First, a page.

by Meg Soyars
A new auto body shop that got its start in Alaska has now moved to Kremmling! Kodiak Preservation Services, run by husband/wife team Sinbad and Alicia Hopkins, is undergoing renovations and will host their grand opening the middle of May.
Their shop offers a variety of services, including body work, painting, air conditioning repairs, and welding. “We believe in technology, quality, and cleanliness,” Sinbad said. Computers are used to match the exact color for vehicles when mixing formulas so there’s no guesswork. “We use Spies Hecker: it’s top-of-the line, environmentally green paint from Europe. We can mix any color under the sun!” Sinbad exclaimed. He added that they don’t quickly “scuff and shoot,” but instead fully strip down to the metal and then paint. They will also be the only shop in Grand County with a paint booth!
The paint booth allows Sinbad to use recycled air to keep the shop clean. Outside air is pulled inside from a huge heater, heated to the proper temperature, then pushed back out the booth once it is filtered. The shop even recycles their own waste through use
of a solvent recycler system.
Plus, Kodiak’s services are not just limited to vehicles!
“We’ve painted everything from semi-trucks, to boats, to doors,” Sinbad said. “If it can fit through the door, we will paint it!”
Sinbad began painting cars at fifteen as a hobby, then worked his way up professionally. When he met Alicia, they joined forces to start their own company. Alicia (originally from Mexico) and Sinbad (originally from North Carolina) began working together in 2003, and have since traveled around the country painting, from as far south as Texas, to as far north as Alaska. Finally, they were drawn to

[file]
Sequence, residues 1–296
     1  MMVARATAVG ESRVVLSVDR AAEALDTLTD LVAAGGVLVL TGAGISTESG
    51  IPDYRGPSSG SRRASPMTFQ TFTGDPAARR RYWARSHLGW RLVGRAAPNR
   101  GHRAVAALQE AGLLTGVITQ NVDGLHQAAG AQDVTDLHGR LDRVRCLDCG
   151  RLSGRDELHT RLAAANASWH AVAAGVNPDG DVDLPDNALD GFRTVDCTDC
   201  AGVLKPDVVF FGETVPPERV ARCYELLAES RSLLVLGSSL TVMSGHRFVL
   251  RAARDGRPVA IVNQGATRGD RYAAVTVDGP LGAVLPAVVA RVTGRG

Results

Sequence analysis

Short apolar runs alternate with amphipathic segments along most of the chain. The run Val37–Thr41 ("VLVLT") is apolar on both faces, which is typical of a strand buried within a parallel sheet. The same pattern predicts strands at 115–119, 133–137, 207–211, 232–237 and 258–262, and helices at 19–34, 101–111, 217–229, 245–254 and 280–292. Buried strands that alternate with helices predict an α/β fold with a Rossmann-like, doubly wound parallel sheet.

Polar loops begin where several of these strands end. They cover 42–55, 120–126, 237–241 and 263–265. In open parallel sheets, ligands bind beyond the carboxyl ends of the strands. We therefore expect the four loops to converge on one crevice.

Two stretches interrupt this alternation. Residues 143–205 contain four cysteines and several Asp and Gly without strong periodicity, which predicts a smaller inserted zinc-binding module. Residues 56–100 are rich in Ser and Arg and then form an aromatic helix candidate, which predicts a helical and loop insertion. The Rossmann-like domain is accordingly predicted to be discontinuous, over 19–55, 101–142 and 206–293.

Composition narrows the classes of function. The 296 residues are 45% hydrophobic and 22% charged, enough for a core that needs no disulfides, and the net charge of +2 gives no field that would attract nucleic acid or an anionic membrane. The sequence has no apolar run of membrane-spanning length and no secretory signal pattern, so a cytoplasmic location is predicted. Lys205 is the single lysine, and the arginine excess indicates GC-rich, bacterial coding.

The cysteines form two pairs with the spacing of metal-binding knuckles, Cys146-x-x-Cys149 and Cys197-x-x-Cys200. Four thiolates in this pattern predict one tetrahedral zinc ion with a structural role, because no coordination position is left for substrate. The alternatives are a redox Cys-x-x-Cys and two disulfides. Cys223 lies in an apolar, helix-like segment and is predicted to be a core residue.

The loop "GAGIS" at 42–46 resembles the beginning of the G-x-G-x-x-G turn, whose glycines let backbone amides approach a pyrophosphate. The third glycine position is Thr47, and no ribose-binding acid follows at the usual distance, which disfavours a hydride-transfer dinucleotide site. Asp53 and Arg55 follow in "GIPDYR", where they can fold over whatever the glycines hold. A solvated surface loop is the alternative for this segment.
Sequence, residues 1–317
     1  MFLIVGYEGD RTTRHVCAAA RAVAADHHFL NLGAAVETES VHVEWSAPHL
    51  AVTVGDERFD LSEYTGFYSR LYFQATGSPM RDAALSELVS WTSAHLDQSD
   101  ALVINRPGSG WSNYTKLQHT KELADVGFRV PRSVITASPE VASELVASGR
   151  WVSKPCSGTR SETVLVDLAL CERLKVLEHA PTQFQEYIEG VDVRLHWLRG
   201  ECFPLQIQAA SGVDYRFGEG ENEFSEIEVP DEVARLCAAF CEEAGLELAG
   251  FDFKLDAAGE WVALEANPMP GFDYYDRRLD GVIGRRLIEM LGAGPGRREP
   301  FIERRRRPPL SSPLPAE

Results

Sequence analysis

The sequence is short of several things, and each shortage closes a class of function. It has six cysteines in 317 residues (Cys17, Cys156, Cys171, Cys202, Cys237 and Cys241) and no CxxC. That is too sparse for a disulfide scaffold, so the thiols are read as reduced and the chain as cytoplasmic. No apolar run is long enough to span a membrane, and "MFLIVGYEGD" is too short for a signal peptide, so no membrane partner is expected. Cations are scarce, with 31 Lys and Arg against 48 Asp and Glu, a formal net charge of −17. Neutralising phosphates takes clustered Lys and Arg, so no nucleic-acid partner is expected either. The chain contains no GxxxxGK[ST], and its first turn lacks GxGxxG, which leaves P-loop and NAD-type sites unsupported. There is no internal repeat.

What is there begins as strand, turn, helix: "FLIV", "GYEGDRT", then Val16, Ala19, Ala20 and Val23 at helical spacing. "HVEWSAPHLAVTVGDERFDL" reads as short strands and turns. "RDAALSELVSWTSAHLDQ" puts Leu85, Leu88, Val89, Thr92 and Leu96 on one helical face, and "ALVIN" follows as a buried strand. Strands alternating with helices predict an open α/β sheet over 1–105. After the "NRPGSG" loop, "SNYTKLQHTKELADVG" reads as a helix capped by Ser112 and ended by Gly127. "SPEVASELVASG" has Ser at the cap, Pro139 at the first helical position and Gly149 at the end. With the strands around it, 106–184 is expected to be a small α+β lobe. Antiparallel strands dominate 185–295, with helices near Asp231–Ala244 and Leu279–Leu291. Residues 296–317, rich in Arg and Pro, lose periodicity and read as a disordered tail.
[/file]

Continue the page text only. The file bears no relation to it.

the mountains of Colorado.
Alicia and Sinbad are excited to work together in Kremmling. Alicia explained that she handles ‘front of house’ and all administrative/financial duties, while Sinbad works in the back. They described how their strengths and weaknesses balance each other. “Everyone has weaknesses. She doesn’t want to learn how to paint; I don’t want to learn how to run the credit card machine!” Sinbad laughed. “But we’re very connected and we never get tired of each other.”
They picked Kremmling for their home base so they could have a cozy shop. “I like how it’s small here,” Sinbad said. “We can walk to work! And the town needs [a body shop].”
He added that he had previously worked at a body shop in Summit County but wasn’t encouraged by the stressors of operating a business there. “Sometimes people cut corners when [operational costs are too high] and we wanted to give people honest work,” he said.
Sinbad explained that their smaller shop allows him to work on vehicles in a timely manner. “We want our customers on
the road as much as possible,” he said. Most importantly, the smaller shop allows Sinbad and Alicia to develop a relationship with the customers. “This is a Christian shop. We put God first, so it’s important to build trust over making money,” Sinbad said. “There are no upselling tactics here. We believe in customer service—pics, phone calls, and communication.”
“We’re here to prosper and provide a couple of jobs [at the shop] for people who need it,” Alicia added. “We want to do good work and have fun doing it!” Sinbad recalled how his former shop had a ‘joke-of-the-day.’
“The customers never saw us in a bad mood!” he laughed.
The new shop at 214 Park Ave may or may not have a joke-of-the-day. But professional, environmentally clean, and reliable service will definitely be there! “We’re up from early morning to late at night getting ready for our opening,” Sinbad said. “But that’s what it calls for to get it done right.”